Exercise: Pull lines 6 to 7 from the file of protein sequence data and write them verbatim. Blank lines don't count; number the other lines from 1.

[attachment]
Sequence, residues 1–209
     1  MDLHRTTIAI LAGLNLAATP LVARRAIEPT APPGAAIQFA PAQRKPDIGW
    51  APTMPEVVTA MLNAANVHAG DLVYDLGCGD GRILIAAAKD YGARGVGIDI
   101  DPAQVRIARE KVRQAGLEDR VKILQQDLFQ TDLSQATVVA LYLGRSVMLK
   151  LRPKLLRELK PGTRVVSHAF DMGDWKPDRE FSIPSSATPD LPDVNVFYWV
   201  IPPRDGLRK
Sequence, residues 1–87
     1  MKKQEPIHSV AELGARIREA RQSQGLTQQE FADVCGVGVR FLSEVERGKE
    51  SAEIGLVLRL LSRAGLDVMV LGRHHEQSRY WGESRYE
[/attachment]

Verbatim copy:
   201  IPPRDGLRK
Sequence, residues 1–87